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6 common Dual Coding mistakes (and how to avoid them)

6 common Dual Coding mistakes (and how to avoid them)

5 min read
  • The science of learning

At InnerDrive, we’re aware of how exciting new and useful psychological theories and concepts can be. But we also know that in the rush to embrace new concepts, the subjects sometimes become confused and distorted, or the lack of understanding needed to use them effectively can cause some misuse. We’ve seen it happen with growth mindset, resilience, metacognition, and many more.

Dual coding is no exception. This is the process of blending both words and pictures while learning (for example: in a diagram or a flow chart) to enable students to learn and recall information better. While it sounds pretty simple, there are some common dual coding mistakes that people make, which can render a potentially brilliant technique pretty useless. So, we’ve taken the time to tell you about 6 of these common mistakes, to help you and your students get the true benefits out of dual coding.

6 common dual coding mistakes

Mistake #1: Not learning how to do it

One of the key mistakes many people make with dual coding is learning all about why and how dual coding works, and then thinking they’re set to go. For example, you might know that students who revise using both words and pictures together remember more and perform better than students who revise with just words (or words and pictures separately). You might also know that this is because revising with words and pictures gives two representations of the same information, which the brain can process simultaneously and form a connection between, cementing the information into long term memory. 

But, how do you actually know how to go about doing it? After all, “using both words and pictures together” is pretty vague. To learn more about how you or your students can actually use dual coding in practice, have a read of our blog on 5 different ways to use dual coding.

Mistake #2: Using only pictures you like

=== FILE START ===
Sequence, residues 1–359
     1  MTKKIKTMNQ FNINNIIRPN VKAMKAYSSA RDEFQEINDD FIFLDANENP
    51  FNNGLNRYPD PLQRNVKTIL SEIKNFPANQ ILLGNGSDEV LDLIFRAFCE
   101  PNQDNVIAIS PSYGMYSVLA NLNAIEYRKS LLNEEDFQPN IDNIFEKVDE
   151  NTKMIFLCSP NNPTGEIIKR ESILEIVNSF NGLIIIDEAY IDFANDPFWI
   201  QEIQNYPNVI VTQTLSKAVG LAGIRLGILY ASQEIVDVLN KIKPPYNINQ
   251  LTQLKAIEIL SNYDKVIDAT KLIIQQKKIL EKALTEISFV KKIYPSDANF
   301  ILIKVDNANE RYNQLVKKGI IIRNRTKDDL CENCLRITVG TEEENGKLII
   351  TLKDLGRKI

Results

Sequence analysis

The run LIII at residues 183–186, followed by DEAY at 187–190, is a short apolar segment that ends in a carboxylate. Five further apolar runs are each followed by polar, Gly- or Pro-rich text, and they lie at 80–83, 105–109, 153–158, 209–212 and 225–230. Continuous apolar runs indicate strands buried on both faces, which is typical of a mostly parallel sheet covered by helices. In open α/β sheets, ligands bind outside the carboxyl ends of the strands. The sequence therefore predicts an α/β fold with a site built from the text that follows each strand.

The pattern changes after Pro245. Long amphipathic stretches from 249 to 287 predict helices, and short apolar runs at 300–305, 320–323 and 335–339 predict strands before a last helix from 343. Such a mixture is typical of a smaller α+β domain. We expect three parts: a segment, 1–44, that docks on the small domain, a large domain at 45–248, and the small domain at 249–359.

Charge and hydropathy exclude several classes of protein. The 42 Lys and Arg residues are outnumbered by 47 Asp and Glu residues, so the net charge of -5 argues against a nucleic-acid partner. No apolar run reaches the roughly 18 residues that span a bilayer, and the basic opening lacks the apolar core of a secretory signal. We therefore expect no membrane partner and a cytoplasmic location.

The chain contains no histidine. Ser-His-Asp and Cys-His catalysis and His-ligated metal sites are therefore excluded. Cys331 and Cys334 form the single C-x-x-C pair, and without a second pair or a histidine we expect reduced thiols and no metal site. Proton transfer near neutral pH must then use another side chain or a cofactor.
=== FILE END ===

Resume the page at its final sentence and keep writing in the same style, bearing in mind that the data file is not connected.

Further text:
It’s all too tempting to draw or use only “pretty” images, or images that you like, when making resources with dual coding. Often, people focus on this, or using entertaining pictures, rather than choosing pictures that will aid learning the best.

The most important thing when finding or drawing images for teaching and learning is that the image has meaning. If it’s entertaining too, then great, but that shouldn’t be the priority. Pictures need to in some way represent the information students need to remember, otherwise it’ll be a waste of space on the page, and a waste of time.

Mistake #3: Spending too much time making it look pretty

One of the 6 common mind mapping mistakes is that students can spend way too long making a mind map, using elaborate colour schemes, and agonising over it being “perfect”.

The same goes for dual coding. We’re not saying that learning should be rushed, far from it. But making a dual coding resource is only the first step. After this, to gain the full advantage of dual coding, students need to study it, again and again, and this is where the bulk of their time should be spent. 

This is particularly true when hand drawing pictures and visuals for dual coding; students need to try and lose their sense of perfectionism. At the end of the day, we’re not all artists, and students shouldn’t spend ages on adding colours and highlighting. In fact, these are most effective when used sparingly, to emphasise only the most key concepts.